Revenue angle

The Marvel Stadium is a multiuse entertainment and sports venue and also the headquarters of the AFL. Apart from AFL matches, it plays host to home fixtures for A-League football side Melbourne Victory, Twenty20 cricket matches, and one-off rugby union and rugby league matches. It has also consolidated its position as Melbourne’s major concert venue, and has staged artistes such as rock band U2, American singer Taylor Swift and singer-songwriter Ed Sheeran. These events keep their revenue machine well-oiled.

The Walt Disney Company in Australia secured the naming rights of Marvel Stadium for eight years in a deal struck in 2018 which is said to be worth more than A$70m, rebranding it the Marvel Stadium (it was earlier known as Docklands Stadium) to promote its superhero film and content studio. A substantial Marvel-themed retail store now sits within the facility.

“The rights change in 2018 to Marvel as a partner provided a good refresh and scope for new innovations in delivery alongside the Marvel brands,” stated Adam Karg, Associate Professor and Director, Sport Innovation Research Group at Swinburne University of Technology in Melbourne.

The stadium will provide an additional revenue stream for the AFL when live events come back online, which should accelerate the property’s recovery.

Calling the shots

The AFL’s stadium-backed finance deal has almost put it in a position from where it can call the shots and enjoys an edge over the NRL vis-à-vis upcoming talks with their domestic broadcast partners. As in other markets around the world, Australian broadcasters are seeking compensation for the interruption to the flow of live matches this year. The AFL and NRL are Australia’s two most valuable media rights properties.

The NRL was essentially forced to renegotiate its domestic media-rights deals with free-to-air broadcaster Nine and pay-television broadcaster Foxtel this month. The league’s coffers were almost dry and it was pushing hard to get its season restarted. In a case of making hay while the sun shines – the broadcasters took the opportunity to negotiate down their rights fee commitments over the coming years. The talks were not all negative for the league, as it also secured a five-year extension to its deal with Foxtel.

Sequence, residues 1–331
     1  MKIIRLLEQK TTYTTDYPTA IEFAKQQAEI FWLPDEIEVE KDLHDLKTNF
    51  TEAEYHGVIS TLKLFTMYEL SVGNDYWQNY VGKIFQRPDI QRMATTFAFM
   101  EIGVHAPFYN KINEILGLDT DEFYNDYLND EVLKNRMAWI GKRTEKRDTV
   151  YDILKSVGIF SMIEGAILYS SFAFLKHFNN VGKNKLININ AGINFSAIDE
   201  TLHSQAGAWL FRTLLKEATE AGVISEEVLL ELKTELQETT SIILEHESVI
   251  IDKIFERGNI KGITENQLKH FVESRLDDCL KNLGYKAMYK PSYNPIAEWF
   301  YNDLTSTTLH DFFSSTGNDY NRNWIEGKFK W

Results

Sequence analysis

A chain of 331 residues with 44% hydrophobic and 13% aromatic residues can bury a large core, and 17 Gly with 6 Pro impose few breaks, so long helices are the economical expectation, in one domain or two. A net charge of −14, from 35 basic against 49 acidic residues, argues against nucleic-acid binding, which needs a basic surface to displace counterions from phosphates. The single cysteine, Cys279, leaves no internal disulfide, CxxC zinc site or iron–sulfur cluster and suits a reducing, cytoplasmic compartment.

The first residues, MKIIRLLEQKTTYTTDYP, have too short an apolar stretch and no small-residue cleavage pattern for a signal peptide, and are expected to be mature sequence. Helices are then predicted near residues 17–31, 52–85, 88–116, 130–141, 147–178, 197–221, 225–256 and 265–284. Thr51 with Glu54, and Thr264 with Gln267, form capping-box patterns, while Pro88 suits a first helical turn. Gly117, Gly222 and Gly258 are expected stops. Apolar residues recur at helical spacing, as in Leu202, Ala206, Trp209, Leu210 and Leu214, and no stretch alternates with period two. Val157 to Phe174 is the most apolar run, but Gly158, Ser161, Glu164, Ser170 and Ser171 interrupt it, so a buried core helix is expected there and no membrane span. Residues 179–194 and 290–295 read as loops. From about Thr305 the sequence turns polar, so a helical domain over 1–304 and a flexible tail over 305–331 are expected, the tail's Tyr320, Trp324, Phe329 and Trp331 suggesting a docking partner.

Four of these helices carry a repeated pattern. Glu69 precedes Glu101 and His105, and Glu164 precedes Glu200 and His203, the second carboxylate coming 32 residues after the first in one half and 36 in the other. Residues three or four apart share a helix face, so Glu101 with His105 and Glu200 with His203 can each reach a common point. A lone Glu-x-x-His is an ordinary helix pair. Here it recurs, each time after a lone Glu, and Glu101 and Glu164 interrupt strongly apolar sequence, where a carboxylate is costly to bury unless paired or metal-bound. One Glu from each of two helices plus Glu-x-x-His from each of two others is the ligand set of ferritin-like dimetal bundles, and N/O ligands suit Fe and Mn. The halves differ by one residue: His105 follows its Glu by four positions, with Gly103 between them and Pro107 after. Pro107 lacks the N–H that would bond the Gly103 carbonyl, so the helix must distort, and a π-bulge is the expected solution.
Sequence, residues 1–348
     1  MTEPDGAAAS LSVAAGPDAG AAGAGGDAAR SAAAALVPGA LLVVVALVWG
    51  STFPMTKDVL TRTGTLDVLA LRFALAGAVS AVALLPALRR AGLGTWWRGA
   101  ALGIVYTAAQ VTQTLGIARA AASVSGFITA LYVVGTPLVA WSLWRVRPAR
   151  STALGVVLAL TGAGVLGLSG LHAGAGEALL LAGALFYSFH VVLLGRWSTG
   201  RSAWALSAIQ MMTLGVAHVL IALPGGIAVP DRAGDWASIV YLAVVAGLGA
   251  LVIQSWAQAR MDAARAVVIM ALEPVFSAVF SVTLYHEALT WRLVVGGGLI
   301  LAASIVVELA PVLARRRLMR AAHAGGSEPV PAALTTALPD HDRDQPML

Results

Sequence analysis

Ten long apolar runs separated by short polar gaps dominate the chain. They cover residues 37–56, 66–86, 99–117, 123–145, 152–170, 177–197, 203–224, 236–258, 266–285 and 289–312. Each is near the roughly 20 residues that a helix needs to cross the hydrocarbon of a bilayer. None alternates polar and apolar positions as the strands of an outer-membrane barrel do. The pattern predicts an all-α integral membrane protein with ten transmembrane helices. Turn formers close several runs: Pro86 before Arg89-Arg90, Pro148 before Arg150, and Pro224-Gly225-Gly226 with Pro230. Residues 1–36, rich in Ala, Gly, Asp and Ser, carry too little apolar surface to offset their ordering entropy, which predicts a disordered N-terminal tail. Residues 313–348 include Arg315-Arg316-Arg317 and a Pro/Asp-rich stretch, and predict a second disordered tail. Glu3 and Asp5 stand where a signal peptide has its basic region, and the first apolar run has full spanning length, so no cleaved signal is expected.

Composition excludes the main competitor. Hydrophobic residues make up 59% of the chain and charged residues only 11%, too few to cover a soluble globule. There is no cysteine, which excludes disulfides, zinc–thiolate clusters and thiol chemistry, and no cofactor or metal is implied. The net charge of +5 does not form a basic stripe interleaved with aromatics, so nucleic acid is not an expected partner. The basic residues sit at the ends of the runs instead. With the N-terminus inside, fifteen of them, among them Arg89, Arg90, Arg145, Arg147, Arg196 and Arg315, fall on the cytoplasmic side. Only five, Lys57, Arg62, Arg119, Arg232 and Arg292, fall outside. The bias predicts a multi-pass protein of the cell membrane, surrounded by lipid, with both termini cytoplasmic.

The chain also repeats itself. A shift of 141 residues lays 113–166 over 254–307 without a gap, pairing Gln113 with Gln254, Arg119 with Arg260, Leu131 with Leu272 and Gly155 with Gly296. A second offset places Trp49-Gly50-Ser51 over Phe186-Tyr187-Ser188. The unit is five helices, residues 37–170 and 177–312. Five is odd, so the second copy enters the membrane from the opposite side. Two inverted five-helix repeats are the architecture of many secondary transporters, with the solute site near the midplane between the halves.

The AFL’s broadcasters are also seeking to negotiate their deals. Since AFL has deep pockets, it is considered to be in a stronger negotiating position than the NRL.

“Nine and Foxtel with Rugby League and Foxtel with the FFA (Football Federation Australia) are among those who are negotiating, or have already negotiated, amended terms with lower valuations,” Karg informed.

“It is expected that the AFL and others will inevitably be subject to the same. As such, the level of security provided for the league from the stadium deal creates a major point of difference,” Karg added.

No rosy scene

The Marvel Stadium may have provided the AFL with substantial financial buffer, but the AFL cannot be complacent over the same for the next few years – the full extent of the business decline caused by the coronavirus menace will take months or years to play out. Australia is set to enter its first technical recession – two quarters in a row of economic contraction – for 30 years this quarter.

“While this financial safety net means the AFL may be better placed to counter the COVID-19 fallout, there is still a significant financial impact on the AFL and clubs that will be felt for a while,” says Karg.